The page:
5Turn left in front of this building and take the footpath on the left which passes the point where water can be seen rushing from the site of the old water turbine which powered the pin mill.
The path rises towards Long Street where you turn right. Further down, on the right, you pass Raglan House, the home of Mikael Pedersen, now marked by a plaque.
6Carry on down Long street to the large building at the bottom, known as The Priory. This dates from the 16th century but in more recent times was used as the head office of R.A. Lister & Co. Ltd, a world-renowned engineering company, perhaps best known for its huge range of diesel engines.
A plaque to the right of the door commemorates the part which the company played in Dursley’s history.
7Take the lane to the right of The Priory, known as Chestal. On the left as you walk along this path are the greens of Dursley Bowling Club overlooked by an Ice House.
Opposite is Chestal Terrace, built on the site of Townsend Mill by William Phelps in 1892, as shown on the plaque.
Follow the track round to the right past Chestal Lodge on your left and climb the hill for about 400 metres until the trees end. Take the path on the right and go downhill past another lodge house to arrive at a junction of four routes, near the open area called Ferney, Go left, past Kinver Grange, across the River Ewelme and past another lodge house, to the Uley Road.
Take the pedestrian crossing to your right and just before The Carpenters Arms public house take the footpath to its left.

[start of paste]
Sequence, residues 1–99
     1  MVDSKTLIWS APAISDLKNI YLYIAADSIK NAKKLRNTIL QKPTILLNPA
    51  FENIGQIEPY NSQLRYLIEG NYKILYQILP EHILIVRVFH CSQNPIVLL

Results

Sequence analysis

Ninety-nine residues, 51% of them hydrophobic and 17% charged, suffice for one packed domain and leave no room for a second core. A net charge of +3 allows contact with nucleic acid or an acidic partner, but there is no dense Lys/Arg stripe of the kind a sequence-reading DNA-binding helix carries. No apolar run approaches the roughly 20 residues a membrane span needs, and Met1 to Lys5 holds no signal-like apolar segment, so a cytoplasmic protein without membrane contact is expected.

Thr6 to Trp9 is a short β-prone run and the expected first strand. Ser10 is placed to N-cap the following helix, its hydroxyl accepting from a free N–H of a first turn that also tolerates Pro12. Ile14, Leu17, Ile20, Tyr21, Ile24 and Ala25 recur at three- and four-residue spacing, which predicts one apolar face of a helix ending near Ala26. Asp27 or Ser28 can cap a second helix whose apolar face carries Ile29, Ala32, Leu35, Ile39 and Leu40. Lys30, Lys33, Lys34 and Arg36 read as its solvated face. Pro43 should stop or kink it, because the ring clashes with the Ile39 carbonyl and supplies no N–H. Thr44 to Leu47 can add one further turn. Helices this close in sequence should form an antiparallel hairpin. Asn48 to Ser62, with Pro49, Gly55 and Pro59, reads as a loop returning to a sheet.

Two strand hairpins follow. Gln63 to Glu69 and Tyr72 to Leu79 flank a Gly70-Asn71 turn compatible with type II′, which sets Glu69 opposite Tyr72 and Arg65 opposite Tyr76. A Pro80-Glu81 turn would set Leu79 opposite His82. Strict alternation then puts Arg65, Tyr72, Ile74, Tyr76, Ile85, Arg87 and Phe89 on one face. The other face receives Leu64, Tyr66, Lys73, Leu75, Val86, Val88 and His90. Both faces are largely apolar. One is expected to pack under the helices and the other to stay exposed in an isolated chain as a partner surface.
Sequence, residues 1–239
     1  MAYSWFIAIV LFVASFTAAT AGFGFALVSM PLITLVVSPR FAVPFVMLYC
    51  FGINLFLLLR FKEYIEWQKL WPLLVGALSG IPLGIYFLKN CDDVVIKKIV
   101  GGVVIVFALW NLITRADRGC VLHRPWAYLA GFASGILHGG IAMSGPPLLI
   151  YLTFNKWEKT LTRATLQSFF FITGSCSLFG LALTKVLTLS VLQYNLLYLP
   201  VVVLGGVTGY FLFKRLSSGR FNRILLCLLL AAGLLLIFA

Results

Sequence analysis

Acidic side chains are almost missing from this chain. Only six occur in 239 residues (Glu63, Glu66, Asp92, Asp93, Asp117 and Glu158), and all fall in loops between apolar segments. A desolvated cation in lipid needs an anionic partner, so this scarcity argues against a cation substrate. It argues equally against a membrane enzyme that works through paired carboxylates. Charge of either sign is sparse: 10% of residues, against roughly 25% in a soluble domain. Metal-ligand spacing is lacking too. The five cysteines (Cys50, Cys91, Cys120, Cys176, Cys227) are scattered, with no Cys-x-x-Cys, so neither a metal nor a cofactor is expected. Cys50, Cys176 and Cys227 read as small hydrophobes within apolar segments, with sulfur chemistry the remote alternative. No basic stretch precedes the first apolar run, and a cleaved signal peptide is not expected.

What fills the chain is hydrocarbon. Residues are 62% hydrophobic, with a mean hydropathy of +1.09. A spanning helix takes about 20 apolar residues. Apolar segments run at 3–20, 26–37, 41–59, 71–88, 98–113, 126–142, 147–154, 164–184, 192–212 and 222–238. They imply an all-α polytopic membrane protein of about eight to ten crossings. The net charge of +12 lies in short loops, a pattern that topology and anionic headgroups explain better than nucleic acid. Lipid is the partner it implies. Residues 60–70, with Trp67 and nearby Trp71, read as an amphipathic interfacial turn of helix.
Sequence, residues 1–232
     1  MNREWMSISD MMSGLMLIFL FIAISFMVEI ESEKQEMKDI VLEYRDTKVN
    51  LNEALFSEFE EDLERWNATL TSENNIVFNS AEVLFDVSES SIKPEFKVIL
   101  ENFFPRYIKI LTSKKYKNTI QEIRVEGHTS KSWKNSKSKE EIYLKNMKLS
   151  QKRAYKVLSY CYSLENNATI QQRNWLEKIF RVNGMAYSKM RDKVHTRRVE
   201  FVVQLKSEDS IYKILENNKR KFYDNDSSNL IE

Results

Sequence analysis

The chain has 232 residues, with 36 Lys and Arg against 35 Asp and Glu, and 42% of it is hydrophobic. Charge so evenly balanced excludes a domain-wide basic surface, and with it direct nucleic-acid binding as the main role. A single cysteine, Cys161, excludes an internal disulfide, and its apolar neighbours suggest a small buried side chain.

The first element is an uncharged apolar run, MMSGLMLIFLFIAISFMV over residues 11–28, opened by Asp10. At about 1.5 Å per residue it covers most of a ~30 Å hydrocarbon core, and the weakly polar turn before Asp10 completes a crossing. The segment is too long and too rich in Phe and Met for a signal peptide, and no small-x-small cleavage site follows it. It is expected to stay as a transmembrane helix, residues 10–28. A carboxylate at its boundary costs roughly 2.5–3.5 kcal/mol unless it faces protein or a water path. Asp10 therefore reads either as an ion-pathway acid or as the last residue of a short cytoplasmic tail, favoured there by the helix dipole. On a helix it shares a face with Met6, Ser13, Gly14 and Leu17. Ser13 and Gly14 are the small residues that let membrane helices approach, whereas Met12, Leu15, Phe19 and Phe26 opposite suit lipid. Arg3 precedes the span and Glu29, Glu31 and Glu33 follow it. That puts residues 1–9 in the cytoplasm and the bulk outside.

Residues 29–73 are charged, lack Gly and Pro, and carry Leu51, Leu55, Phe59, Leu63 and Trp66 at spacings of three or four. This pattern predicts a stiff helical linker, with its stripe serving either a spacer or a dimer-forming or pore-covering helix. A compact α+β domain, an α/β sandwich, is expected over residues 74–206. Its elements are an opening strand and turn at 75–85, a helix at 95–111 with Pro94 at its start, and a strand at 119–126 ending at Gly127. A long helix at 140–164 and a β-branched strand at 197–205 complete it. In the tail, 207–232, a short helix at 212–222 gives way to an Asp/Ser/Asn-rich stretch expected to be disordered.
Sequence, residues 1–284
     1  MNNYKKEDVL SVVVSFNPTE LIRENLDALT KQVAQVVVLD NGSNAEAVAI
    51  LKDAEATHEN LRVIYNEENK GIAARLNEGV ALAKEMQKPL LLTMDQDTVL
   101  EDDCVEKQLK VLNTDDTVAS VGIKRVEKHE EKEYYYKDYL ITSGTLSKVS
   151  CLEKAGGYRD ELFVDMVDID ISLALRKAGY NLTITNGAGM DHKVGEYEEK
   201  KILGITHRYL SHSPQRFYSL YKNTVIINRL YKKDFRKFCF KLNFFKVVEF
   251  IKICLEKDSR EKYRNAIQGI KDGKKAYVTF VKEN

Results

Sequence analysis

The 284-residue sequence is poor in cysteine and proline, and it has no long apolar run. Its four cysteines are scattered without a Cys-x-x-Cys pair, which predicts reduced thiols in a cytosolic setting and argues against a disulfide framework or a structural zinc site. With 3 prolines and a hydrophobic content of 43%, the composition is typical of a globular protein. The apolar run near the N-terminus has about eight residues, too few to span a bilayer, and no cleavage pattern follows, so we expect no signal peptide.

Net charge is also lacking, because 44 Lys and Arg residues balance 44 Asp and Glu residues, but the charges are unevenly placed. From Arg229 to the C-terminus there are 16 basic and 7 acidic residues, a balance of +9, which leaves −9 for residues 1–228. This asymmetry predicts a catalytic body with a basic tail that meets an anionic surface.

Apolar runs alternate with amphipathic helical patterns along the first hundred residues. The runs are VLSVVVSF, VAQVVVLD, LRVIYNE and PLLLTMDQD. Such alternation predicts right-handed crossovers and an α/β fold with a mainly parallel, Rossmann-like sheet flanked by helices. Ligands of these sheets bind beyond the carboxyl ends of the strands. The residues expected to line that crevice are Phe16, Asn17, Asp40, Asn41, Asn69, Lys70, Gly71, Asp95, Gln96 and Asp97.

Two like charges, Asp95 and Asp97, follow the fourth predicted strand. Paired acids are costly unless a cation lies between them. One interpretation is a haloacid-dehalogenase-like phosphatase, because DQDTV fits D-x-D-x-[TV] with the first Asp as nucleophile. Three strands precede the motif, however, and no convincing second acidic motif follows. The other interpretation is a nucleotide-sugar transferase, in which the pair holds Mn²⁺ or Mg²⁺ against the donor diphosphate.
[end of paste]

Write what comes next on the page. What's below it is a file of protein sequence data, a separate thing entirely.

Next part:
8At the end of the path turn left into Rosebery Road and after about 100 metres, turn right onto a steep narrow path between a bungalow and a long terrace of houses up to St. Mark’s Churchyard.
Go left, then right between the gravestones towards the church. The graveyard has some interesting monuments, graves and memorials which include Edwin Beard Budding, the inventor of the lawn mower; Captain George Augustus Graham, who saved the blood line of the Irish Wolfhound and George Lister, the father of Robert Ashton Lister who founded R.A. Lister & Co. Ltd.
Others resting here are Margarethe Pedersen, the young daughter of Mikael; several members of the Eyre family of Kingshill House and the Bailey family who founded the Dursley Gazette newspaper.
Look out for a tall tomb which is the vault of the Ayliffe family who once owned the Old Bell Hotel, now renamed Ye Olde Dursley Hotel, near the Town Hall. There are also three war graves from the First World War.
9Follow the path through the graveyard past the church building and leave through the gate onto Woodmancote. Turn right and cross the road opposite Fort Lane and follow the lane uphill for 100 metres. You will see an unmarked path on the right heading upwards and back in the direction you have just walked.
Take this path up to Upper Poole Road and follow this downhill past the red brick Poole cottages on the left and the Council buildings on the right, which were established in 1914. After a small roundabout go into The Slade ahead.
Here, to the left, once stood the Dursley Union Workhouse.
10Follow this footpath to the end where you will emerge in May Lane opposite The Old Spot Public House.
Turn right and walk along May Lane to reach a mini roundabout, then turn right into Parsonage Street and follow it to arrive back at The Market Place.
Enjoy your walk!
Why not join our Insiders and stay up to date with walking events around the Dursley area …
Join our Insiders
Get advance notification of
- walking events in and around Dursley
- early preview of festival programmes
- wait list access to booked out walks and more …
Pop your email address below and we’ll keep you in the loop